Strategic ethics: Altruism without the other-regarding confound

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April 2019
Paper author(s): 
Giuseppe Attanasi
Kene Boun My
Nikolaos Georgantzís
Miguel Ginés
Financial Economics
Infraestructure - Transport - Water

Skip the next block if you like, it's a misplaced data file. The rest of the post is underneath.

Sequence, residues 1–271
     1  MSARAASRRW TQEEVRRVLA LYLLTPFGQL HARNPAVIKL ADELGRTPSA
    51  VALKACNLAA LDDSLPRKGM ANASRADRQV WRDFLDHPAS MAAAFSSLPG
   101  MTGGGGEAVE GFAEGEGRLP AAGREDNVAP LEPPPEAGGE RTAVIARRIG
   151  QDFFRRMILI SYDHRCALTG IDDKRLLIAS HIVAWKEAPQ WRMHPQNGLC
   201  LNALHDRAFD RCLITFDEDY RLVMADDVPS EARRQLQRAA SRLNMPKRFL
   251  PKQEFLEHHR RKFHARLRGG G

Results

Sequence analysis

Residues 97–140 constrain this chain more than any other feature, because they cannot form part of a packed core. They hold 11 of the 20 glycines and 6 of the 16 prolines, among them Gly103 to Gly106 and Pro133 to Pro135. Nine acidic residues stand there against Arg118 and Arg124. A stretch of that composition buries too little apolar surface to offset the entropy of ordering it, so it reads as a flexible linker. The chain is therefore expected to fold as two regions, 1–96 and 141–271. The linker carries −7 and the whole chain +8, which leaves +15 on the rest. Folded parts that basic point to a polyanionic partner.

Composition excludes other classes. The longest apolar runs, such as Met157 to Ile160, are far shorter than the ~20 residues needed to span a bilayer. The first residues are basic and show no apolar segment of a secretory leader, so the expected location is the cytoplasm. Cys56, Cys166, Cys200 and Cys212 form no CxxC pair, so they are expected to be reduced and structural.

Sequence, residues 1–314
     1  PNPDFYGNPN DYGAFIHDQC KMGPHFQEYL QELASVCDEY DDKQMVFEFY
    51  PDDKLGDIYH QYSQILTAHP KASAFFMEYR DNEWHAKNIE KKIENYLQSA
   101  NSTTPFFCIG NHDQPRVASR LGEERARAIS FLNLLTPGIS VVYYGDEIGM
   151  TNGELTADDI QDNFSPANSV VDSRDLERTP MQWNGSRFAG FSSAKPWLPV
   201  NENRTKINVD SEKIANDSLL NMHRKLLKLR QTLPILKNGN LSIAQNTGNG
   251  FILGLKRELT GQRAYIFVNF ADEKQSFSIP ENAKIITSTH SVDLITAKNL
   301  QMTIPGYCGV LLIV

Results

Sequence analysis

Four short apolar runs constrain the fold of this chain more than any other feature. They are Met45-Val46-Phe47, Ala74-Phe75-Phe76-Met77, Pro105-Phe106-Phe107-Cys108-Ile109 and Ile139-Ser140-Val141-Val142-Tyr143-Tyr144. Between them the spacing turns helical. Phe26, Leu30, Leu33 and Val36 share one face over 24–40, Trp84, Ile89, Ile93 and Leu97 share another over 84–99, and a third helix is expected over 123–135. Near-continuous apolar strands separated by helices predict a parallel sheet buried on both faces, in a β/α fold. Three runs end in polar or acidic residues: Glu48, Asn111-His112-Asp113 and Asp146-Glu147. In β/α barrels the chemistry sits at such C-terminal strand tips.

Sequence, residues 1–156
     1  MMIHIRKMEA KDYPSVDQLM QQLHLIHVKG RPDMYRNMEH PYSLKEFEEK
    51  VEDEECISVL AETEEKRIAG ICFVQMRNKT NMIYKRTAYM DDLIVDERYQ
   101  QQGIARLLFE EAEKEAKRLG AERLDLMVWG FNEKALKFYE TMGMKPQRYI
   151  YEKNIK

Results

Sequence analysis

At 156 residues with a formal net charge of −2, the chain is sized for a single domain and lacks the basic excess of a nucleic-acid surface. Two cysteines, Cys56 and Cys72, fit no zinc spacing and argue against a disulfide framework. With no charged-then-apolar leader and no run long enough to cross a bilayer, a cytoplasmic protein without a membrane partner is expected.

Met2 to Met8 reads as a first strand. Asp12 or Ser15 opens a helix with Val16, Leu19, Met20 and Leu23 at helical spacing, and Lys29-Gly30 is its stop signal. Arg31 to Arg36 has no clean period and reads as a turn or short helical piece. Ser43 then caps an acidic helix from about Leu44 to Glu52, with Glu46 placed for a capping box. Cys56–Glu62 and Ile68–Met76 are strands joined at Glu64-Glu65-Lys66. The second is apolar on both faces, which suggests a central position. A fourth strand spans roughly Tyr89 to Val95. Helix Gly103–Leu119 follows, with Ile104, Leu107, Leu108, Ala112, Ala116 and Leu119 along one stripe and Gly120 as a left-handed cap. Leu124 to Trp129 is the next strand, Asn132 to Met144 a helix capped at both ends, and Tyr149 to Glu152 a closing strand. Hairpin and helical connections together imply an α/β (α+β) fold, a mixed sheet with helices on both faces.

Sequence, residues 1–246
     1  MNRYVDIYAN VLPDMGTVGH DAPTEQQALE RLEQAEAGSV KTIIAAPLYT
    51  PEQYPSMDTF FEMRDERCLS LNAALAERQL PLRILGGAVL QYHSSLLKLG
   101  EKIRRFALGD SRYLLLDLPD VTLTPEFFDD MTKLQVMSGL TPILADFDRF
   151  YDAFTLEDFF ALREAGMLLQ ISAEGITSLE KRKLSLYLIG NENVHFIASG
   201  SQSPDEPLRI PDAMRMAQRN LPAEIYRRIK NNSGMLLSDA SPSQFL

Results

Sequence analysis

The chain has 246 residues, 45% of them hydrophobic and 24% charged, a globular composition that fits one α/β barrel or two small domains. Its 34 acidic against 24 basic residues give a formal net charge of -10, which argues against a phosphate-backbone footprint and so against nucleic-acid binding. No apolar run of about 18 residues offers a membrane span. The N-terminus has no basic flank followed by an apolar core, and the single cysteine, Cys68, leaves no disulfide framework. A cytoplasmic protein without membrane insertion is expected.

In a two-stage investment-effort game, we model altruistic investment in another agent’s capacity to benefit from synergies between the two agents’ efforts. Contrary to most models in the literature on altruism, we assume that agents who invest in others have no direct utility from their giving behavior, ruling out any genuinely altruistic component in their utility function, i.e., stemming from other-regarding preferences. Furthermore, we disentangle this “strategic ethics” from reputational effects yielding incentives for a more pro-social action in the present in order to favor Pareto-superior outcomes in the future. Isolated consumption of one’s own benefits from own efforts is the worst equilibrium, which is globally stable and is shown to exist independently of the investment cost. However, for a low enough investment cost, there exist two alternative equilibria: an unstable intermediate equilibrium in which both agents make positive complementarity-building investments, and a stable one in which both agents invest all they can to complementarity building. Both equilibria Pareto-dominate the aforementioned no-investment equilibrium. Results of a laboratory experiment confirm our behavioral prediction that, for a low enough investment cost, subjects coordinate on positive complementarity-building investment, which in turn boosts their effort in the second stage. The latter increases in both own and others’ complementarity-building investment, as predicted by our model. All this holds independently of subjects’ risk and inequity aversion. The latter suggests that complementarity-building investment is not motivated by altruism. Rather, it is purely strategic.


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